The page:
2.) Do not use juices or concentrates with preservatives, these often kill your yeast, make it difficult to ferment, or cause your yeast to produce off-flavors or odors.

3.) Use wine yeast only.

4.)Patience! If it doesn't taste good, don't drink it, and don't throw it away. I once dumped out five bottles of wine because I didn't like it. Ten months later I still had two bottles and it was amazing!

Friday, October 28, 2011

All About Peach...

Last February I shared my recipe for peach wine. I had had the wine for a while, and it was pretty good, definitely worth making again (which I have), but then Cait and I went a while without having any. A few months, and it underwent a transformation. A really, really wonderful transformation.

When we opened our third-to-last bottle of our 2010 Peach in early October, it was very dry, fruity yet woody, complex. There are ways in which I would liken it to a nice dry Rioja. Now we have no bottles left.

The recipe is really quite simple, and if you'd like to make a cheaper version or if you simply can't get raisins and lemons in time, then you can always substitute a little acid blend and a tiny bit of grape tannins (less than 1/8 tsp). Of course if you are using fresh peaches, slice them up and boil your water, then pour it over them to kill off the wild yeasts, or use a campden tablet crushed. If you recall from the original post, I use my mom's home canned peaches, and it could not have turned out any better.

I am visiting my parents this weekend, and raiding their peaches.

I must warn you about something if you plan to make this recipe. After two months the wine still is too woody, it's drinkable, but almost a little disappointing. After four months, it might be hard to save any. If you make it to six months, you're half way there. On its first birthday, this wine is good for any occasion. Give it as a gift (if you can stand to part with it), bring it to a get-together.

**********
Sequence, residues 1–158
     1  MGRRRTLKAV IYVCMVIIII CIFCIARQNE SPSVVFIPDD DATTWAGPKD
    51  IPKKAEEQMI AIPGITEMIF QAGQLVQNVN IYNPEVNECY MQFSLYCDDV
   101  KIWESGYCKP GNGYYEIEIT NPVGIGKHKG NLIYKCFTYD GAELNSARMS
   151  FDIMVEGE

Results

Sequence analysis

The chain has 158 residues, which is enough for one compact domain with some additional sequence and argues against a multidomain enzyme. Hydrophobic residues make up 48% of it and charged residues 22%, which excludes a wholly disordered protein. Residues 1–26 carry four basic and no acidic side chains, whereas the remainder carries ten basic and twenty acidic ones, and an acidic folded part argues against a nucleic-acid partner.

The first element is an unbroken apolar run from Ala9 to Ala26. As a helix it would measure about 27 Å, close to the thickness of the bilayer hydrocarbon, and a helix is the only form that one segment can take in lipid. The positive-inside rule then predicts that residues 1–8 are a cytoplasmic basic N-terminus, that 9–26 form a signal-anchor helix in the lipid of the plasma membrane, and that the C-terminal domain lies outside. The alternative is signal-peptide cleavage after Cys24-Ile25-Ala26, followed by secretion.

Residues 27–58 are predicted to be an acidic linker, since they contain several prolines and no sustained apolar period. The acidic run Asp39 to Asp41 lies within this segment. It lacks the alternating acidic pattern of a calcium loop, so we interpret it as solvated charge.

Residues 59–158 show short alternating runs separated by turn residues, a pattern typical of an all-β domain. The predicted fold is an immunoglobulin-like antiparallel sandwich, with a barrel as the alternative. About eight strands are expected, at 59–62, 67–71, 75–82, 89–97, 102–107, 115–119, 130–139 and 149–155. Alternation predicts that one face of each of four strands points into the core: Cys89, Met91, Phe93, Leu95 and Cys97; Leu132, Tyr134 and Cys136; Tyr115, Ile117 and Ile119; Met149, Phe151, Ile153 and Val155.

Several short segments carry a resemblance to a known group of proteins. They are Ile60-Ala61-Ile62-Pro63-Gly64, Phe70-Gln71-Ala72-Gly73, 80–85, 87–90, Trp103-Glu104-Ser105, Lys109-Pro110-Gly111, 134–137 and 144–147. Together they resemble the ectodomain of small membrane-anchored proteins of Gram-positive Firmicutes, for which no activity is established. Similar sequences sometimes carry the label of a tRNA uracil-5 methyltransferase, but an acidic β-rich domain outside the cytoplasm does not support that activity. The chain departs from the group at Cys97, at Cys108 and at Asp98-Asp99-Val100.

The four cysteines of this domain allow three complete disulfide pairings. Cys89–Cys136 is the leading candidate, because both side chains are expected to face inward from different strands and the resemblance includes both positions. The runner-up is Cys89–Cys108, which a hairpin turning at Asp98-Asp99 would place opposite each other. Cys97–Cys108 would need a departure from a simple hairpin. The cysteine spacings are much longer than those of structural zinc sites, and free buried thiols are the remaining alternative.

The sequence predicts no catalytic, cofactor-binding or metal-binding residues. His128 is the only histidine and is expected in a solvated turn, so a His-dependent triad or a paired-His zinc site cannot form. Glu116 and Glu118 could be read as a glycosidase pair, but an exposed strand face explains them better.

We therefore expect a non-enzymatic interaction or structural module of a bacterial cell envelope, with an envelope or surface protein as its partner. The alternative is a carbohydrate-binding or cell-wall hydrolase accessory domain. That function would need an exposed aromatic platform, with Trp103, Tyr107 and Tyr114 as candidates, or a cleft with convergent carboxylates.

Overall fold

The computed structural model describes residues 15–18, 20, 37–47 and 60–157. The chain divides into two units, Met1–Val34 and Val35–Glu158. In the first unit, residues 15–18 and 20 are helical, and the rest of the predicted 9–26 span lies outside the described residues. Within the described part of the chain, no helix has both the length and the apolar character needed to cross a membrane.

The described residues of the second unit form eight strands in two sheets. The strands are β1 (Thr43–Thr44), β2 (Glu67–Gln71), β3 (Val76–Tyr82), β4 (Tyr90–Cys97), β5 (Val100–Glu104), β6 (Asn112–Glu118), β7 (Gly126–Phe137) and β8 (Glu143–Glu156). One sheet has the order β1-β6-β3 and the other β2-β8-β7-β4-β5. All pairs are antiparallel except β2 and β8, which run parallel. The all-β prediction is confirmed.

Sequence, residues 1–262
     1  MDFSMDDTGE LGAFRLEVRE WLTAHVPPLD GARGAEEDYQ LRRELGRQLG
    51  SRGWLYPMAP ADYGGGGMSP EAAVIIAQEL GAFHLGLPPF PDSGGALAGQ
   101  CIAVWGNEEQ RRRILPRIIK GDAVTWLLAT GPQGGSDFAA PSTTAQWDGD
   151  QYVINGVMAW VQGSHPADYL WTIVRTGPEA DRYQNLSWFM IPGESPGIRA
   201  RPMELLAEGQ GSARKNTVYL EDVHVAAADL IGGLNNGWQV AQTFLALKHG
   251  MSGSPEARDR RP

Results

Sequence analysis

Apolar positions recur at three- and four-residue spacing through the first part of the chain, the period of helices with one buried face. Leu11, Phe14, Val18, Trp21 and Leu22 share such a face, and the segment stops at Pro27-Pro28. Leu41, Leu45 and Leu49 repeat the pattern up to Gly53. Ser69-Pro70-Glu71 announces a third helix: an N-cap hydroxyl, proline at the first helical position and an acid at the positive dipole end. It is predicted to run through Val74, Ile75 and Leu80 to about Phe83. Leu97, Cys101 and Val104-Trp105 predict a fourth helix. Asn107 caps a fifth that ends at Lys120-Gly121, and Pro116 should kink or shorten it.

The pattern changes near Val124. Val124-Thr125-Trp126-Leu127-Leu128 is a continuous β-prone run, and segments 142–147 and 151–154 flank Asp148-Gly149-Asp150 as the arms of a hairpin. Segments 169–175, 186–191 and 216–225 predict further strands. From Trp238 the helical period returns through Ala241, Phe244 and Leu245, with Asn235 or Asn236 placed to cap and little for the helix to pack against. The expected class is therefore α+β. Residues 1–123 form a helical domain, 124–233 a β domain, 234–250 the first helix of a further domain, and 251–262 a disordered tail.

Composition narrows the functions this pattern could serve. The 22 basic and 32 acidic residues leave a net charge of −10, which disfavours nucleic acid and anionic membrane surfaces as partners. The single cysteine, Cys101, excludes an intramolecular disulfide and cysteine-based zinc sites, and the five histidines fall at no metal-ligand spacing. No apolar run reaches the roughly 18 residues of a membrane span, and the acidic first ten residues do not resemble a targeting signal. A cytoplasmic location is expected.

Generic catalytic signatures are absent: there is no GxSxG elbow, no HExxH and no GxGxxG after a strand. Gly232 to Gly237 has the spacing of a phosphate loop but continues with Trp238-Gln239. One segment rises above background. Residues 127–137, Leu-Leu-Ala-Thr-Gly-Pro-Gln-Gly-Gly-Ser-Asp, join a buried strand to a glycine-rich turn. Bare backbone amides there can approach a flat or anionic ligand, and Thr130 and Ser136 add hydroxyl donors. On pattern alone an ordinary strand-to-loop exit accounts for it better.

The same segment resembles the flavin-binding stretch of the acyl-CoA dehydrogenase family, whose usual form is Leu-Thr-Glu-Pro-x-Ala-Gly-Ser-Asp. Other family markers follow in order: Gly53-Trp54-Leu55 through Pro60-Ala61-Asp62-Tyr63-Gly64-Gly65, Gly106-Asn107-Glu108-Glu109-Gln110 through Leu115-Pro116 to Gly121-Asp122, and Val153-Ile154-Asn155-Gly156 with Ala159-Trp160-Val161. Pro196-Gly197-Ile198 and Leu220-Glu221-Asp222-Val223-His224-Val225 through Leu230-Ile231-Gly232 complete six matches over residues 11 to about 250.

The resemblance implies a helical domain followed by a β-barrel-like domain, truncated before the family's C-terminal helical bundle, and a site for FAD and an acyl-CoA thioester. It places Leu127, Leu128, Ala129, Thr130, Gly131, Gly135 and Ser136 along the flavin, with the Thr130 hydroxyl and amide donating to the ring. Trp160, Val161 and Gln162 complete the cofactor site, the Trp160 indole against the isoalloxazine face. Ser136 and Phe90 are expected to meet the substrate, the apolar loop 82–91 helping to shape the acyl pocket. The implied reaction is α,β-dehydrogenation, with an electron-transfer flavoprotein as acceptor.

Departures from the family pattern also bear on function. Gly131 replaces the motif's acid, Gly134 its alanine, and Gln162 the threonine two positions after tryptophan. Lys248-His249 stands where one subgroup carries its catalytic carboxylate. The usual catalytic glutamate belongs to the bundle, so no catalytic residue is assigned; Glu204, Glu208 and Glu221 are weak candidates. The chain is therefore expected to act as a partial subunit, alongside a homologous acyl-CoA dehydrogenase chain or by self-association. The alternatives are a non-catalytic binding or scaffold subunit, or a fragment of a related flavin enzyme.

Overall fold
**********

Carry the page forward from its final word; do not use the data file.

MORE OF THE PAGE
You must try this recipe!

The Winemaker

Monday, October 24, 2011

Pear Cider

Ramble: This recipe for pear cider or pear wine is simple and delicious. At our farmers market right now pears are going for $2.50 for 8 quarts! That's almost enough for two gallons of this delicious beverage!


4 lbs. Pears peeled and sliced
boiling water to 1 gallon
6 cups sugar
1/8 tsp. tannins
1/2 tsp. pectic enzyme
1tsp yeast nutrient
champagne or wine yeast

Peel and slice the pears into small chunks. Place in a sanitized stock pot. In another pot, bring your water to a rapid boil. Carefully pour the water over the chopped pears, place lid over them, and allow them to sit until the entire mixture reaches room temperature, or at least under 100 degrees Fahrenheit (about 38 centigrade). Add the pectic enzyme and stir about to mix it in.

Let sit overnight. The following day the pectic enzyme will have made your pears quite mushy, use a very well-washed hand or better yet a sanitized potato masher to squish the pears even more. Give the mixture time to sit and let the pear juice work its way out of the fruit. This can be anywhere from a few hours to overnight. More time generally means more pear flavor.

After having sat a while, use a cheesecloth (two layers is best) or a few turkey stuffing bags, or beer boiling bags to strain the juice from the pears. Do not squeeze the juice out if you can help it, just let it sit!

Add in all other ingredients, making sure that the sugar, tannins, and yeast nutrient are dissolved, and place the entire mixture into your sanitized fermenter, with an airlock attached. All for fermentation, and bottle when clear!

How to make it bubbly: I know I like my pear cider bubbly, so here's how it goes: If you're filling a beer bottle/small bottles: add 1 tsp sugar to each bottle before filling. If using wine bottles add 1 1/2 tsp. sugar to the bottle before filling. Store at room temperature for a few weeks to get carbonation, and keep the bottles in a Rubbermaid bin or leak-proof container if possible. If you have added too much sugar your corks could pop or your bottles could explode. This has only ever happened to me once, a long time ago, when I added way way too much sugar when bottling. With these proportions I have never had a problem! Also, good synthetic number 9 corks stay wedged in the best!

Related Recipes: meddyglyn, light mead, medium mead, sweet mead, apple cider